Roadside Sleeping Safety Tips: Rest Areas and Other Options

When driving your truck from one destination to the next, you will no doubt need to stop and catch a few “zzz’s” to ensure you are well-rested and refreshed. Truck drivers have many different options of places where they can stop and take a nap or sleep. To help ensure you get a decent night’s rest, remember to check out the truck interior accessories, cushions, and other items available from us, here at Suburban Seating & Safety.


  1. Rest Areas

Rest areas are great places to stop when you need a break from driving. Some rest stops even have restaurants and fuel, allowing you to take care of all of your needs in one stop. If you plan on sleeping in rest areas, keep in mind that not all rest areas allow for overnight parking. However, sleeping during the day is commonly permitted.


Custom Truck Seats


  1. Truck Stops

Many truck stops have parking spaces where you can stop for the day. One benefit of truck stops is having access to food, fuel, showers, and other such amenities. The only drawback is that truck stops tend to fill up early, so, the later you arrive, the harder it is to find overnight parking.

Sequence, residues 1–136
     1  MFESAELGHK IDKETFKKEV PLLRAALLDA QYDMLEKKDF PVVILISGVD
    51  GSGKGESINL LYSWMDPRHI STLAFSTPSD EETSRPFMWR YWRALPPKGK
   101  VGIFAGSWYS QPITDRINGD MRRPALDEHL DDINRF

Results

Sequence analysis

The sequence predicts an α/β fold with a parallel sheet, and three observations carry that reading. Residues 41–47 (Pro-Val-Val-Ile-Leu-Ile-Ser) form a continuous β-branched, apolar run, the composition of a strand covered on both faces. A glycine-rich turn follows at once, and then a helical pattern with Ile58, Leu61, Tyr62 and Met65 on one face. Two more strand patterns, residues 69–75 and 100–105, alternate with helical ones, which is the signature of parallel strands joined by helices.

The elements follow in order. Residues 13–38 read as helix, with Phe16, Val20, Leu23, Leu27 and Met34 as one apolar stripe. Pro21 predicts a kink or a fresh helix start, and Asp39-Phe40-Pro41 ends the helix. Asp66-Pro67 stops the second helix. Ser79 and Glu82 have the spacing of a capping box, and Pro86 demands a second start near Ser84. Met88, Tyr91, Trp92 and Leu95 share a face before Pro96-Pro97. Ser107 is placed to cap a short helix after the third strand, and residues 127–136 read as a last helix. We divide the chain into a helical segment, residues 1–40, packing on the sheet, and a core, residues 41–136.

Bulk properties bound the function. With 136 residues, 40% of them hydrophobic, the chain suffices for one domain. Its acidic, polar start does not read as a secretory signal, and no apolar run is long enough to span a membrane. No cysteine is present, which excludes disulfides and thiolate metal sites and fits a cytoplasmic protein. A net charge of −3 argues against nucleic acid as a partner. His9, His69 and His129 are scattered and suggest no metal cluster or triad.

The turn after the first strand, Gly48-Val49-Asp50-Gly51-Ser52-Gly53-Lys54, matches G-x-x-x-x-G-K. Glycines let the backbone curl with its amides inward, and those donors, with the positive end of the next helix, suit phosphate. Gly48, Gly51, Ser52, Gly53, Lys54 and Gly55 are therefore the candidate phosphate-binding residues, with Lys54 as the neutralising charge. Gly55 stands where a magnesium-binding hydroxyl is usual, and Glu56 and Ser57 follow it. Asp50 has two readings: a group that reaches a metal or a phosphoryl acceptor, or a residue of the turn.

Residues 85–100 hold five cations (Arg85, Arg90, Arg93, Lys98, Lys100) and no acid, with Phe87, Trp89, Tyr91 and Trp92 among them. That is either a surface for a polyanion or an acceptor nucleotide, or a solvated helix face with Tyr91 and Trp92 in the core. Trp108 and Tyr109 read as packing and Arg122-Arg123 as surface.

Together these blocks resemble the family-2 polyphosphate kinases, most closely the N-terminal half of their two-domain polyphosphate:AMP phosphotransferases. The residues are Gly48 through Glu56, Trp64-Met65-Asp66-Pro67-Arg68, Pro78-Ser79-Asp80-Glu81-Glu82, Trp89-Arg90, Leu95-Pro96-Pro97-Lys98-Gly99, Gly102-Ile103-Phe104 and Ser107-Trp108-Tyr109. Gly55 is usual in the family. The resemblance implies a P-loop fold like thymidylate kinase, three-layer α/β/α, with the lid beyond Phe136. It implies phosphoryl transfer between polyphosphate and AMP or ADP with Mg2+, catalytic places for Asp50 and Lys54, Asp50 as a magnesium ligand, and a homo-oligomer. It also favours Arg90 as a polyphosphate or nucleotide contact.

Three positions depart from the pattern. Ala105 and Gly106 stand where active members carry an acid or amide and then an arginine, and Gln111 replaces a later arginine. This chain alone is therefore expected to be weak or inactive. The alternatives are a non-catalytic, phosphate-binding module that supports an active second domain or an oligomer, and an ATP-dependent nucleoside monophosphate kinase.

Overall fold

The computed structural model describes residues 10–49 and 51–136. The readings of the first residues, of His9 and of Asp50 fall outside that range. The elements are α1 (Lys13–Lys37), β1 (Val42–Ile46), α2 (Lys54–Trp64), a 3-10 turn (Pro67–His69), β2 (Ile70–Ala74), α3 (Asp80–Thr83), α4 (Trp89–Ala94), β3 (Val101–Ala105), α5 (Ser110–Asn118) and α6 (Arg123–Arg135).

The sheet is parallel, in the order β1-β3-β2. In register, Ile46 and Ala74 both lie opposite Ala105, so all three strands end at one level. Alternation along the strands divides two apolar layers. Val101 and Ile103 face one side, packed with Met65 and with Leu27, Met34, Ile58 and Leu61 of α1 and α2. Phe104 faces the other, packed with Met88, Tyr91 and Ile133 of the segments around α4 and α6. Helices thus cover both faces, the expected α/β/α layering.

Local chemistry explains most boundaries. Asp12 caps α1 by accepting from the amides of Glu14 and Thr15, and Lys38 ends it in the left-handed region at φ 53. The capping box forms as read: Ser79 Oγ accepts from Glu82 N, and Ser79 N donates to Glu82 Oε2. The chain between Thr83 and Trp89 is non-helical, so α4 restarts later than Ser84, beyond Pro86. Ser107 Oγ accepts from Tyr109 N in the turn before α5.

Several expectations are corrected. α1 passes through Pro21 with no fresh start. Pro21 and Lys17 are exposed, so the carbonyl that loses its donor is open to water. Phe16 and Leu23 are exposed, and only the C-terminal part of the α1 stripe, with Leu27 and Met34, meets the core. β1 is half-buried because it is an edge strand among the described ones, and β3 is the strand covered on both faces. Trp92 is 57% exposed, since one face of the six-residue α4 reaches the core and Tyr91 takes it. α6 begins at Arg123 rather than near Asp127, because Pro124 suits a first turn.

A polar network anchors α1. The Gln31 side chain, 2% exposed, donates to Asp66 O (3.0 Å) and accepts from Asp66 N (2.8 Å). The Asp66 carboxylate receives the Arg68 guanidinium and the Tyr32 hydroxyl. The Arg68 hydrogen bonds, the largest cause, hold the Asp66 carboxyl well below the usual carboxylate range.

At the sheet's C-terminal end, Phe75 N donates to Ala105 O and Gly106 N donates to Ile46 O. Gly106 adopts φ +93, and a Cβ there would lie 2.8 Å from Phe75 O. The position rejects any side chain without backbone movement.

1. Hotels/Motels

Some truckers will book a hotel or motel room overnight to enjoy sleeping in a regular bed. There are various chains which have ample room to park your truck if you choose this option.


  1. Campgrounds

Some RV campsites can also accommodate overnight truck parking for truckers. Just make sure to call ahead to find out if parking is available at the campground.


safety tips


Safety Tips


  • Park in well-lit areas.
  • Be aware of your surroundings.
  • Lock your doors when sleeping or away from your truck.
  • Stop driving immediately if you find yourself nodding off.
  • Never stop overnight on highway shoulders.


After picking up your load, take the time to map out your route and figure out where you will be stopping so you can research what sleeping and parking options are available. For more information about our replacement seats, bedding, and other items, call Suburban Seating & Safety at (844) SAS.SEAT (844-727-7328) today!


Truck Safety: Things to Watch Out For on the Road